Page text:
As part of a Board of Regents’ program to reduce system-wide indebtedness for revenue bond funded projects, Georgia State University is participating in the first phase of a public-private partnership (P3). Under the agreement, the Corvias Corporation was chosen as the Board of Regents’ partner in retiring existing revenue bonds and developing new construction projects on several campuses. At Georgia State University, this means that debts associated with the construction of the Commons and Patton Hall have been assumed by our private partner, and that Corvias will be the developer of our next residence hall project.
Student residents of the Commons and Patton Hall will continue to reside on campus under the supervision of the housing department’s professional residence life staff. Programming and the enforcement of community standards will continue the same as at other campus residence halls. Security will remain under the jurisdiction of the campus police. Corvias will assume responsibility for custodial and maintenance operations in the two facilities, but must maintain university standards. Rental rates will not be allowed to exceed the level which would have been anticipated prior to the partnership. From a student perspective, the change will appear seamless.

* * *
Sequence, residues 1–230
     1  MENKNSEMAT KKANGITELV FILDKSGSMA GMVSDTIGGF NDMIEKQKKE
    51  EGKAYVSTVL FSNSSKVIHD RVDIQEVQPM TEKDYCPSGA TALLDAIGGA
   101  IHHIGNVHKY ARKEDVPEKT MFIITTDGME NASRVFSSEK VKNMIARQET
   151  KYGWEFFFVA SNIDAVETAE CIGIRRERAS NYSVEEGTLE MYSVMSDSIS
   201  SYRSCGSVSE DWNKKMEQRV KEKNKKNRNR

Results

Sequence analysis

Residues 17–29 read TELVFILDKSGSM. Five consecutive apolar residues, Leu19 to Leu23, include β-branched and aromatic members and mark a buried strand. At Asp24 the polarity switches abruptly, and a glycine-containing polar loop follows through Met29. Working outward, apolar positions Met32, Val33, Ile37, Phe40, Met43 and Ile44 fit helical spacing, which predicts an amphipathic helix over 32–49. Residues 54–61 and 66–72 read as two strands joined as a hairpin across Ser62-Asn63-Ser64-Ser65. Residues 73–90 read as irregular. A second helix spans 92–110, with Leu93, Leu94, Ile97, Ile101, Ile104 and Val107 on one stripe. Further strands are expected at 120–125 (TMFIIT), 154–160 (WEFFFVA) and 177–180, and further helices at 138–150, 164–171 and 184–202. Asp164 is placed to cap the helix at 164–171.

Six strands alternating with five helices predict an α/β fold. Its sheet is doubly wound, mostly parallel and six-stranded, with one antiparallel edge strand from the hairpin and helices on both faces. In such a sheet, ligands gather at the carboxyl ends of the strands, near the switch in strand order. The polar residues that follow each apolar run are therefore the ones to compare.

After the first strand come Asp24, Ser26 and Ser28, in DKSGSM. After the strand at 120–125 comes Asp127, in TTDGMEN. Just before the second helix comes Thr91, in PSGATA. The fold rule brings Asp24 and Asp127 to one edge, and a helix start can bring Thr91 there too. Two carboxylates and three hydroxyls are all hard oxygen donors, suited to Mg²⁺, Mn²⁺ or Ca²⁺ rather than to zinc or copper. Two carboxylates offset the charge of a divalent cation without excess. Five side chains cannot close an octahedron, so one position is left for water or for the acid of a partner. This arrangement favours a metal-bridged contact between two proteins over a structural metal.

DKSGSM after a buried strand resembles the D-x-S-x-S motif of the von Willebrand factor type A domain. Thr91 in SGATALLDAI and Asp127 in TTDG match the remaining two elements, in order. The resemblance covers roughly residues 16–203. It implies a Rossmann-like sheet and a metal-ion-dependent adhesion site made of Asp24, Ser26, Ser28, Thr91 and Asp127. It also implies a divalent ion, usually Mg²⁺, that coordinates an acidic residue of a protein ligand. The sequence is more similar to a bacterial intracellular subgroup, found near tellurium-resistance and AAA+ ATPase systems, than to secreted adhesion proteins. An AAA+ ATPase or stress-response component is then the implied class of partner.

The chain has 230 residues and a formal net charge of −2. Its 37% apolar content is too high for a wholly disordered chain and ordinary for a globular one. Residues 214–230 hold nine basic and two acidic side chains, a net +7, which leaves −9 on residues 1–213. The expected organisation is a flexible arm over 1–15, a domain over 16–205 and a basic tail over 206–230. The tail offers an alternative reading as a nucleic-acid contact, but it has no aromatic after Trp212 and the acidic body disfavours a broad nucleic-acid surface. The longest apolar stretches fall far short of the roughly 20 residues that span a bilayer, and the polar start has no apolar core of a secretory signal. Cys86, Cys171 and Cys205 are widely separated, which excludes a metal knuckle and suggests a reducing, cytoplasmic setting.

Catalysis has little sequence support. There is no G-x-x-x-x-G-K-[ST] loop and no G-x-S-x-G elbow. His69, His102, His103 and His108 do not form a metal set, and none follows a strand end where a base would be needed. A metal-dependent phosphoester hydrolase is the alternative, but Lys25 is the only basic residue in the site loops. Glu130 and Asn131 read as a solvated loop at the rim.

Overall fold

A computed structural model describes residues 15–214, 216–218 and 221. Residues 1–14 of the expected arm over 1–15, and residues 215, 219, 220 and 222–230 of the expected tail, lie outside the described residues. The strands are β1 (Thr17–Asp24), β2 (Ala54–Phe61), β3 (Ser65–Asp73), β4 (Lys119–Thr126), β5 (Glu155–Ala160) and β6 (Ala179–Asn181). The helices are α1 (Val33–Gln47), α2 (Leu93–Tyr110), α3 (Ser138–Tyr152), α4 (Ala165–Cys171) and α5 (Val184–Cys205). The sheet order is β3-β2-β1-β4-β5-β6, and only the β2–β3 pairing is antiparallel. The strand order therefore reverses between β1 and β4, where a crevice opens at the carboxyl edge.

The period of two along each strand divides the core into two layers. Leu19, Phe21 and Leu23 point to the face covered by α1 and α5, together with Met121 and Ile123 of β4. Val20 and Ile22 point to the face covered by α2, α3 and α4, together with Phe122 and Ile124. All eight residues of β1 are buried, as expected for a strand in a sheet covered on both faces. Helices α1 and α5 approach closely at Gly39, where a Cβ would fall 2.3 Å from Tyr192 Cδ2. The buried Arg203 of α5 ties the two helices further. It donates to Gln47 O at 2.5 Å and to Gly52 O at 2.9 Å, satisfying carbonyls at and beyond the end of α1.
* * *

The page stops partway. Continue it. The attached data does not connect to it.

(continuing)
The great boon to the institution for entering into the agreement is that it will enable the acceleration of new housing construction. The first project under the agreement is well under way at the corner of Piedmont and Dobbs, across from the Commons and adjacent to Centennial Hall. Site preparation has already begun. Demolition of the former Friends building and the Gourmet Services building is already complete. Opening in the fall of 2016, it will be the university’s newest residence hall with a capacity of 1,152 beds. The facility will also house the third, and largest, campus dining hall which will operate 24 hours daily.
The new facility will enable the university to keep pace with the growing demand for campus housing and will meet our longstanding goal of attaining and maintaining the capacity to house twenty percent of the student body. With the new residence hall, more than five thousand students will be able to live on campus. The growth of the residential population pays dividends in terms of increased student retention and greatly increases student utilization of a wide spectrum of student services.
For additional information, visit University Housing, located at 75 Piedmont Avenue, Suite 110 or call 404-413-1800.